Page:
Give the Customer a Sense of Control
Just now, within a span of 15 minutes, I read one article (on the upcoming book “Zero Inbox”) that claimed people feel like they lack control over their email inbox, to another on marketing trends that claimed people have control over the inbox because email is permission-based.
Both statements come through industry experts.
So which is it? Do people have control over their email or not?
I think it’s both, so the problem lies in trying to make a blanket statement. I have control over certain emails, I don’t have control over others. For example, I hesitate to ever comment on a Facebook item because I know I’ll get an email every single time someone else’s comments on it. That is within my power to change. I change my settings, I change my email experience. (I just haven’t done it yet.)
On the other hand, I get countless emails from companies I’ve never heard from or done business with, or marketers that make it
impossible to unsubscribe. I have no control over many of these. I try to unsubscribe, and I’m sometimes successful, but for every email I manage to stop in its tracks, it seems another takes its place in my precious inbox. It’s like the “nature abhors a vacuum” theory, only in this case it’s not blackberry bushes or dandelions making themselves at home in that empty spot, it’s spam.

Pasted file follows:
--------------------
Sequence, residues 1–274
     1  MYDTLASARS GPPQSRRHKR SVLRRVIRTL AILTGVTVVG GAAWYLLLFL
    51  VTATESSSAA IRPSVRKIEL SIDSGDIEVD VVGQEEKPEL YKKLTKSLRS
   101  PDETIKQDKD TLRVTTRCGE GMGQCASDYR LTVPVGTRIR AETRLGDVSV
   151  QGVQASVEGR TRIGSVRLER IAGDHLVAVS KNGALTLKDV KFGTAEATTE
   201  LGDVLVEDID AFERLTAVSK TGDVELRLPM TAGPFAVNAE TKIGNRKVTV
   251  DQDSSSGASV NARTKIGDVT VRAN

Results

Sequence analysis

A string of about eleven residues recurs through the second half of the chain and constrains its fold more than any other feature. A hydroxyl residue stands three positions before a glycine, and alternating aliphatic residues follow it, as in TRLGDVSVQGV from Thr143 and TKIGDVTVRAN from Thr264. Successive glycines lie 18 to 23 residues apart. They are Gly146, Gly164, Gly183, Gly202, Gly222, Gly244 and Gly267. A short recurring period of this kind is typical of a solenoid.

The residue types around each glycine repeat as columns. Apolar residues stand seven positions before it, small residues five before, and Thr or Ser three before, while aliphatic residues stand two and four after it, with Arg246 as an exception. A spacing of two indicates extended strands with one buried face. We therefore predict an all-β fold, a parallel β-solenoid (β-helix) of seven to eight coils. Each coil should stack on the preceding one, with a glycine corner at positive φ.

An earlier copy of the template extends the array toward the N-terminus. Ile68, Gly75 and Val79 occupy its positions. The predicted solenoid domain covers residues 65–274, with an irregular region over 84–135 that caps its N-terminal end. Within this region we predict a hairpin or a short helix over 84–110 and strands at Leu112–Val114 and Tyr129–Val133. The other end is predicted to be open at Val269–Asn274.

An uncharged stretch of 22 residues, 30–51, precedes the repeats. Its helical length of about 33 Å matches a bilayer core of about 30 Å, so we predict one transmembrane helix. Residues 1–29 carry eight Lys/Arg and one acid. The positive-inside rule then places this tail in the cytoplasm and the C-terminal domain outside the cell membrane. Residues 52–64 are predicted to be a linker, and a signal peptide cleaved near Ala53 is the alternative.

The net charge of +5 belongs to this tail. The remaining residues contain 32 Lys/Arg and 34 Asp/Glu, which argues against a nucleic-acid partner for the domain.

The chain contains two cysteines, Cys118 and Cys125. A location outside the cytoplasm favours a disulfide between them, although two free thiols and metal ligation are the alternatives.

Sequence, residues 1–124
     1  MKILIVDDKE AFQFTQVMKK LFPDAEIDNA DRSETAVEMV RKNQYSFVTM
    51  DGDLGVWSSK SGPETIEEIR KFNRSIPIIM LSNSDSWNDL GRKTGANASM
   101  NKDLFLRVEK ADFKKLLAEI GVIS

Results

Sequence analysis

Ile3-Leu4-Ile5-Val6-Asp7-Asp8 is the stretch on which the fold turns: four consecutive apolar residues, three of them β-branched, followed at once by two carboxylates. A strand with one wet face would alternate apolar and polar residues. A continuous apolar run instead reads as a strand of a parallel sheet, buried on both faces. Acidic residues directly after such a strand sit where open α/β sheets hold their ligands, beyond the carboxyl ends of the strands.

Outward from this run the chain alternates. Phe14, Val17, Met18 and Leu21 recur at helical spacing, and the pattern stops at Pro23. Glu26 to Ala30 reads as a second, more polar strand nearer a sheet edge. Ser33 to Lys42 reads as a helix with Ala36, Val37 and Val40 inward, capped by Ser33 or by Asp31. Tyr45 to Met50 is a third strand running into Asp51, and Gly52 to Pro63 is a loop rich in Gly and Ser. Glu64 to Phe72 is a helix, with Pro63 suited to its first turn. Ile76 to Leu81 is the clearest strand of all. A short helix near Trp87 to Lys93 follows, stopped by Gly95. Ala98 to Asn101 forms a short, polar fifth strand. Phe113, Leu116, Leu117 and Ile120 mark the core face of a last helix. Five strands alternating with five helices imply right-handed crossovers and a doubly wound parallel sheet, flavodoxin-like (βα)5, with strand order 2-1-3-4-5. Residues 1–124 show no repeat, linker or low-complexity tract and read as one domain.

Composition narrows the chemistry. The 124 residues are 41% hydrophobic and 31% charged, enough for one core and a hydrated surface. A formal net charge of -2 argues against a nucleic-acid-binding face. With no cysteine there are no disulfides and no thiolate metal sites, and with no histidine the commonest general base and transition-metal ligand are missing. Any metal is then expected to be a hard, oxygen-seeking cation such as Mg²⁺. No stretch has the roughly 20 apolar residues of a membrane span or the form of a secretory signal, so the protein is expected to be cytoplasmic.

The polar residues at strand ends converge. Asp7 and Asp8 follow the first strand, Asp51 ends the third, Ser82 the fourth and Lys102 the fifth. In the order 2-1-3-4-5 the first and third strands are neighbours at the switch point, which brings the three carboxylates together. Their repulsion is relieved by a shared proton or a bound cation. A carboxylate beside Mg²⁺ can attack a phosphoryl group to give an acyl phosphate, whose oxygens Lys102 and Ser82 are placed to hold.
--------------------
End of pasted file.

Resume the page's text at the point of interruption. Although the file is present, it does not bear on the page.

What does this mean to you as an email marketer striving to adhere to best practices for email marketing? I’ll tell you one thing, the companies that give customers control are going to be better off.
Maybe it’s not giving them complete control, but even if at signup you let them know you value them and give them choices, that would go a long ways. Having a preference center, for example, to let them choose the types and frequencies of email creates good will as the customer realizes you’re flexible, that it’s not a “my way or the highway” type relationship.
Making it easy to unsubscribe gives them control too. Maybe you just got a knot in your stomach reading those words, “making it easy to unsubscribe,” but if they don’t want to hear from you anway, why would you make it hard for them to opt out?
Best practices for email marketing must include relevance, as we’ve said over and over. And giving your subscriber or customer some control over the emails they receive from you is part of that relevance. You can’t be relevant if you’re showing up too often, right? Or when they’ve lost interst in what you’re selling?
Need help knowing how much control to give up? Turn to ClickMail.